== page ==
And now to this year. I started with five hundred and twenty five thousand minutes… and now, with just four weeks left of Year 12, I’m down to forty thousand.

Now my thoughts turn to legacy: what’s the legacy Redeemer is leaving in me, and what legacy do I want my life to have?

My grandfather loves the evangelist, Billy Graham. He and my grandmother both became Christians through his crusades here in Brisbane in the 1950s.

Billy Graham wrote: “The greatest legacy one can pass on is not money or material things accumulated in life, but a legacy of character and faith”.

That’s a pretty good aim for legacy. It’s certainly proven true for me—first my grandparents, then my parents and now I have embraced the Christian faith.

From Redeemer, I have in me the legacy of character.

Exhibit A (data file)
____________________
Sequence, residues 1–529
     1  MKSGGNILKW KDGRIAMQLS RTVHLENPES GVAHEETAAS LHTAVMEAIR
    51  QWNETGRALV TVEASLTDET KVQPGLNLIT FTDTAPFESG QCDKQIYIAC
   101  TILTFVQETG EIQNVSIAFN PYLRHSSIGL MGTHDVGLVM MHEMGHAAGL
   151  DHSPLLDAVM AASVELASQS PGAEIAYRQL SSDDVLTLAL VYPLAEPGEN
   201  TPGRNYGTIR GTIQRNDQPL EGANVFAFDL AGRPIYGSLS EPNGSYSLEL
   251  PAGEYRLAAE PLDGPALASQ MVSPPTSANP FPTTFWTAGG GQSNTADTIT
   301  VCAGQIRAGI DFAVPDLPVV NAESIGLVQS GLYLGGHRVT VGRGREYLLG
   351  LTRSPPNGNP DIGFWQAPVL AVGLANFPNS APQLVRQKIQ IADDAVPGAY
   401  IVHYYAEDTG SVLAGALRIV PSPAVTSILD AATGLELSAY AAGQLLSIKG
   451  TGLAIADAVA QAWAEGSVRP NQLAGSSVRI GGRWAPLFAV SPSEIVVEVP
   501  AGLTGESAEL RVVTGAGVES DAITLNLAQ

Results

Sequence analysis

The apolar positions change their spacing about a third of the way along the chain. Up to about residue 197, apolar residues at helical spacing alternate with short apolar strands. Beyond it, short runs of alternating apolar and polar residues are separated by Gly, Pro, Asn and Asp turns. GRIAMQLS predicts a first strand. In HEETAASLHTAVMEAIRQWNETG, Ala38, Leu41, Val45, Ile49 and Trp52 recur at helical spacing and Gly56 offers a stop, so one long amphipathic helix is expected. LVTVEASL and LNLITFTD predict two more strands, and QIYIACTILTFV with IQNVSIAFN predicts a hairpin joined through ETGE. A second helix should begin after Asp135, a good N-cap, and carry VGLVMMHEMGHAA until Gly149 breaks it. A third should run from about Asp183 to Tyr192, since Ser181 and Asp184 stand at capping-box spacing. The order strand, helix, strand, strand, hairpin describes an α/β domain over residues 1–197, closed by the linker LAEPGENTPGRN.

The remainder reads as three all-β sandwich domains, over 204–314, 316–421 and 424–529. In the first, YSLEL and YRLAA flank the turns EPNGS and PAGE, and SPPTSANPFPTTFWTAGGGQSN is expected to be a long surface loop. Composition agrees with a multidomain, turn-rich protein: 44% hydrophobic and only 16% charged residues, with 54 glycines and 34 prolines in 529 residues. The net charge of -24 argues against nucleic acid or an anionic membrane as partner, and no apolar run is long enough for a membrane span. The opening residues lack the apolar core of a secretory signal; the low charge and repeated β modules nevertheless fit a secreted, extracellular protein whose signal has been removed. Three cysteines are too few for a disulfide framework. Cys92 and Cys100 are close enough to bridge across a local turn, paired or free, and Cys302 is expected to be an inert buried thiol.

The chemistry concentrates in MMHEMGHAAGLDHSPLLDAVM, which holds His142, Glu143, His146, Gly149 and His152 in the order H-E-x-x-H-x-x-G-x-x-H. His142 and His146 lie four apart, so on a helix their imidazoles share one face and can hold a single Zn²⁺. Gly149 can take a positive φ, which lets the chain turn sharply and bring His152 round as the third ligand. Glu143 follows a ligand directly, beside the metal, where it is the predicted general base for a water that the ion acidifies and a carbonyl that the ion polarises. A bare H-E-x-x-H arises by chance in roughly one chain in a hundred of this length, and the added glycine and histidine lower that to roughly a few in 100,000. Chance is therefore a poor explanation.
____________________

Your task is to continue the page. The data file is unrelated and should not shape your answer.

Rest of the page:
Redeemer’s definitely built my character—I’ve learned to hope, to persevere, to be patient, to show self-control.

I’ve experienced generosity and—yes—plenty of patience towards me, too.

I’ve also discovered faith.

I’ve learned that faith can overcome every challenge I encounter.

Year 3 was entering a terrifying, massive school.

Year 4 was, unfortunately, bullying—but then, at the end of it, a teacher who believed in me and advocated for me helped me overcome that.

Year 5 was learning alto saxophone, and that’s been a constant in my journey, especially as I’m the only original alto saxophone left from that year’s Year 5 Band.

Year 6 and Year 7, a transition into Middle School and the fallout of the breakup of my friendship group. That was hard.